This project will address whether direct palmitoylation, the covalent attachment of the lipid palmitate, accounts for the unique ability of LIM Kinase-1 (LIMK1) to regulate the morphology and stability of dendritic spines. Dendritic spines are small, actin-rich protrusions that are the sites of most excitatory synapses. The importance of spatially precise regulation of dendritic spine actin for neuronal development and for neuronal plasticity is well established. Conversely, impaired spine structure is a hallmark of conditions such as Intellectual Disability (ID) and Autism Spectrum Disorders (ASDs). However, how neurons spatially restrict actin regulation to ensure that only appropriate spines are modified is unclear. We have found that LIMK1, a key actin regulator linked to higher brain function, is directly palmitoylated and that palmitoylation targets LIMK1 to spines. Palmitoylation is known to target non-enzymatic 'scaffold'proteins to spines and synapses, but roles for palmitoylation in the control of actin polymerization, and in the regulation of neuronal kinase signaling are completely undescribed. We have established an shRNA-mediated knockdown/rescue system to replace endogenous LIMK1 in neurons with a form that cannot be palmitoylated. We now propose a series of experiments using this system to determine whether palmitoyl-LIMK1 is functionally required for normal spine actin polymerization, for spine- specific morphological plasticity, and for long-term spine stability. Complementary experiments will determine whether palmitoylation is necessary and sufficient to explain differences in localization and function between LIMK1 and its closest homolog LIMK2 and will identify the enzyme that controls LIMK1 palmitoylation. These experiments will not only shed light on new mechanisms of spine regulation but may reveal new targets for therapy to ameliorate conditions such as ID and ASDs.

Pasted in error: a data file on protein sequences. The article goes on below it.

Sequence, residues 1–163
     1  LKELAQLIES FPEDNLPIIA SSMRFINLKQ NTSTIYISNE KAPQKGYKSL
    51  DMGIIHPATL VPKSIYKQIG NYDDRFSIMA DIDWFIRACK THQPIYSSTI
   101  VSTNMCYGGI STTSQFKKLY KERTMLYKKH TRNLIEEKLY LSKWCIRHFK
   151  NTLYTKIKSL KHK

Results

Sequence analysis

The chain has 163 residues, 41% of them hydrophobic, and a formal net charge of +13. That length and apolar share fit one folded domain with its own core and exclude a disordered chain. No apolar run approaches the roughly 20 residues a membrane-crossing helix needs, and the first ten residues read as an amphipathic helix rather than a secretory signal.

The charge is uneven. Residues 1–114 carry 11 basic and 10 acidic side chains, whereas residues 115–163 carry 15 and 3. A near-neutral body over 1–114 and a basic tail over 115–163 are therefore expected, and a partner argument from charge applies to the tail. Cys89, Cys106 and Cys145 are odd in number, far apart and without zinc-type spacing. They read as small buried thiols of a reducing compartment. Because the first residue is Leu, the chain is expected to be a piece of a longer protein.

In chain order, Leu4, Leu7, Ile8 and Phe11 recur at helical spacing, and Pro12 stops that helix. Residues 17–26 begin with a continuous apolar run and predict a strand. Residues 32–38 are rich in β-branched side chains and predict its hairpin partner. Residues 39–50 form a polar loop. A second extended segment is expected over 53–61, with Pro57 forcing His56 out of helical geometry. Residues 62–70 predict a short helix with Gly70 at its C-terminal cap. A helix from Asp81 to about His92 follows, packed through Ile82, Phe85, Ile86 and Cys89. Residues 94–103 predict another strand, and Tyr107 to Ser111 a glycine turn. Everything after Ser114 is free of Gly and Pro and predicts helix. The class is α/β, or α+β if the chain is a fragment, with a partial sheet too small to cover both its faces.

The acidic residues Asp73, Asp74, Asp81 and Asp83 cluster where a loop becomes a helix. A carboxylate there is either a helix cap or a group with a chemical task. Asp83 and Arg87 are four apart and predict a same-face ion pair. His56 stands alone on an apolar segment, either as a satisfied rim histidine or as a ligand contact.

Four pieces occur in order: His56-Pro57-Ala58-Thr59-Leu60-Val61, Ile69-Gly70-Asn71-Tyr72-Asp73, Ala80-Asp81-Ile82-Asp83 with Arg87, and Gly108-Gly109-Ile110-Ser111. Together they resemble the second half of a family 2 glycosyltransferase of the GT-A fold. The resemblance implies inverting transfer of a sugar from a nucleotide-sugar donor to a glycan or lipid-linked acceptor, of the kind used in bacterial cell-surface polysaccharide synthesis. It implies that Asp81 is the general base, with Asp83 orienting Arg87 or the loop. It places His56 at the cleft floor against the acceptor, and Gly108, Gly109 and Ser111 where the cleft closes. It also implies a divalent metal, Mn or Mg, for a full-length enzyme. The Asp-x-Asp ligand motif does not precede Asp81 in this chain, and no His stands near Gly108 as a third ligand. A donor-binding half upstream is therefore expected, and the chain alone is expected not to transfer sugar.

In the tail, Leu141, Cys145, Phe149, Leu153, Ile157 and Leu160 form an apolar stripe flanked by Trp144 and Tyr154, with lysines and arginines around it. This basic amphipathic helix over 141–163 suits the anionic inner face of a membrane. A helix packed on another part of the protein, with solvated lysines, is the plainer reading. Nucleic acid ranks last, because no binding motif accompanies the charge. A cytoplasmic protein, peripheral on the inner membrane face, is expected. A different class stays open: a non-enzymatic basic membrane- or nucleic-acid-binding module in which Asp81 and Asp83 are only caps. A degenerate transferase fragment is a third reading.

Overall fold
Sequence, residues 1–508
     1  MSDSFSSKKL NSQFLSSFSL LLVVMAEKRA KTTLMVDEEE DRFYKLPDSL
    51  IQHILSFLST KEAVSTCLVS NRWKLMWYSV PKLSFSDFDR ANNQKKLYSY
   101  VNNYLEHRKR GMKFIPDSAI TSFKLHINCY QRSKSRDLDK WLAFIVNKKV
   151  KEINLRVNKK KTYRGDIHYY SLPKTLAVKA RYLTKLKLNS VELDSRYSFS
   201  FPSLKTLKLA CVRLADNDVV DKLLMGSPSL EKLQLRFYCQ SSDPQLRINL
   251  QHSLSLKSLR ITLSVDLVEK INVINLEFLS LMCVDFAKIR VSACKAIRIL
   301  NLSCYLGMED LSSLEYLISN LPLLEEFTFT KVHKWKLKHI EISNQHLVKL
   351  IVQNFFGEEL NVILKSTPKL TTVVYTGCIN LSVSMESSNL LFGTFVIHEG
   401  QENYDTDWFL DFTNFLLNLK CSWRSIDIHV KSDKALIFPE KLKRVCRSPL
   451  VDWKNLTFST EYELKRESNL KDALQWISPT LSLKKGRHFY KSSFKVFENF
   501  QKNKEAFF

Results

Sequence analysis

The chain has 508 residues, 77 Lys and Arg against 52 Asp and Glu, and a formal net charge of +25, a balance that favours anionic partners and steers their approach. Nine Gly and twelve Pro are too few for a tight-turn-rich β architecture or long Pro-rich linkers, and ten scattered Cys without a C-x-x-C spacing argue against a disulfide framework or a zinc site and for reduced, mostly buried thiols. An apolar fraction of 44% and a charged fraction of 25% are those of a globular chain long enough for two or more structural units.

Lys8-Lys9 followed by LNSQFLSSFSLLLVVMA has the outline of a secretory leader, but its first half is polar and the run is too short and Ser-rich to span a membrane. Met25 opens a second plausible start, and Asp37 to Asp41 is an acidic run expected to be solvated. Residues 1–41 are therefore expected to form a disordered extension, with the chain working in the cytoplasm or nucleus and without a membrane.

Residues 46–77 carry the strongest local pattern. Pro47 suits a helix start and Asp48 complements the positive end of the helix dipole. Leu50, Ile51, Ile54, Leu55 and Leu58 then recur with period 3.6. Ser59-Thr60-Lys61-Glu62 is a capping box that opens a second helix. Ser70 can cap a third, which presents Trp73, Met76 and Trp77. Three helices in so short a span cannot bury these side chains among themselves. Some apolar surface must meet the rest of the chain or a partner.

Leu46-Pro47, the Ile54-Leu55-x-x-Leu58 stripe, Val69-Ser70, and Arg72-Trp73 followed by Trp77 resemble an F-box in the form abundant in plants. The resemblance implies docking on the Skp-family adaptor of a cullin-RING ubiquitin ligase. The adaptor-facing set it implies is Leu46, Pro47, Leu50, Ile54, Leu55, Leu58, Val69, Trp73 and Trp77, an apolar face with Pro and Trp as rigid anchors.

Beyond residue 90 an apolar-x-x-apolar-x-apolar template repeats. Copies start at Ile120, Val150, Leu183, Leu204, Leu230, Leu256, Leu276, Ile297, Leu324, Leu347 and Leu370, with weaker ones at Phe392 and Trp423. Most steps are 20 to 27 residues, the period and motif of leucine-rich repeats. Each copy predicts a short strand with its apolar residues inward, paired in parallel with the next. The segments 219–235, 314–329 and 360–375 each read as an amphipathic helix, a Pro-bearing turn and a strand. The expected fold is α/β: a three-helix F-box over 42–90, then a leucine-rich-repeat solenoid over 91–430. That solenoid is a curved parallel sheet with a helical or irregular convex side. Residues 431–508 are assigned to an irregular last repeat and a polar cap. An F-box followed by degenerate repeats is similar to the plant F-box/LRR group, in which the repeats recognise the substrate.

Dendritic spines are tiny structures that are the major sites for excitatory transmission in the brain. Impairments in dendritic spine size and shape are closely linked to intellectual disability and autism spectrum disorders, while spine loss is a hallmark of several neurodegenerative conditions. This research focuses on how LIM Kinase-1, a protein linked to cognitive function, is able to control the size and shape of individual spines. By better understanding LIMK1-dependent spine regulation, this work will not only shed new light on cellular processes linked to cognitive impairment but may identify new therapeutic targets to ameliorate a variety of devastating neuropathological conditions.